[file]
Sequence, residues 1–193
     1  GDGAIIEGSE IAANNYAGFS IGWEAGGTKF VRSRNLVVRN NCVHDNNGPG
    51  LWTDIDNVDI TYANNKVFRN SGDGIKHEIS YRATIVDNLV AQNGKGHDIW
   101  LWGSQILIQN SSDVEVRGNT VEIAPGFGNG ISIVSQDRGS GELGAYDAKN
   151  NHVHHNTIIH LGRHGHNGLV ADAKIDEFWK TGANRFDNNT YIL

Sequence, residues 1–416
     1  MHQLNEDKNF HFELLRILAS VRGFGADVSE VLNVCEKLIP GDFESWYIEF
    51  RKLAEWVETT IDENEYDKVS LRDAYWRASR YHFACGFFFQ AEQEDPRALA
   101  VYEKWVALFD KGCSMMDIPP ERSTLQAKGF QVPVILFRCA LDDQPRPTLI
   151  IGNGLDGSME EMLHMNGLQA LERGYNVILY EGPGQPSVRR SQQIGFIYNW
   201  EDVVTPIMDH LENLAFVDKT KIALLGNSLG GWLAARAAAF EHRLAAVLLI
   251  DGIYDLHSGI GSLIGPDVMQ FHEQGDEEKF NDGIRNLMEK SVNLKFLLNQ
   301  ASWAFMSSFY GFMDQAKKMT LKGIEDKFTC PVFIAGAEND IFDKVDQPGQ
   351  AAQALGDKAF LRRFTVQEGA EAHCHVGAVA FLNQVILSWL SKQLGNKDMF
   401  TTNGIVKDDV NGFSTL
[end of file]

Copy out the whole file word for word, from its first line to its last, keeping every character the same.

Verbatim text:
Sequence, residues 1–193
     1  GDGAIIEGSE IAANNYAGFS IGWEAGGTKF VRSRNLVVRN NCVHDNNGPG
    51  LWTDIDNVDI TYANNKVFRN SGDGIKHEIS YRATIVDNLV AQNGKGHDIW
   101  LWGSQILIQN SSDVEVRGNT VEIAPGFGNG ISIVSQDRGS GELGAYDAKN
   151  NHVHHNTIIH LGRHGHNGLV ADAKIDEFWK TGANRFDNNT YIL

Sequence, residues 1–416
     1  MHQLNEDKNF HFELLRILAS VRGFGADVSE VLNVCEKLIP GDFESWYIEF
    51  RKLAEWVETT IDENEYDKVS LRDAYWRASR YHFACGFFFQ AEQEDPRALA
   101  VYEKWVALFD KGCSMMDIPP ERSTLQAKGF QVPVILFRCA LDDQPRPTLI
   151  IGNGLDGSME EMLHMNGLQA LERGYNVILY EGPGQPSVRR SQQIGFIYNW
   201  EDVVTPIMDH LENLAFVDKT KIALLGNSLG GWLAARAAAF EHRLAAVLLI
   251  DGIYDLHSGI GSLIGPDVMQ FHEQGDEEKF NDGIRNLMEK SVNLKFLLNQ
   301  ASWAFMSSFY GFMDQAKKMT LKGIEDKFTC PVFIAGAEND IFDKVDQPGQ
   351  AAQALGDKAF LRRFTVQEGA EAHCHVGAVA FLNQVILSWL SKQLGNKDMF
   401  TTNGIVKDDV NGFSTL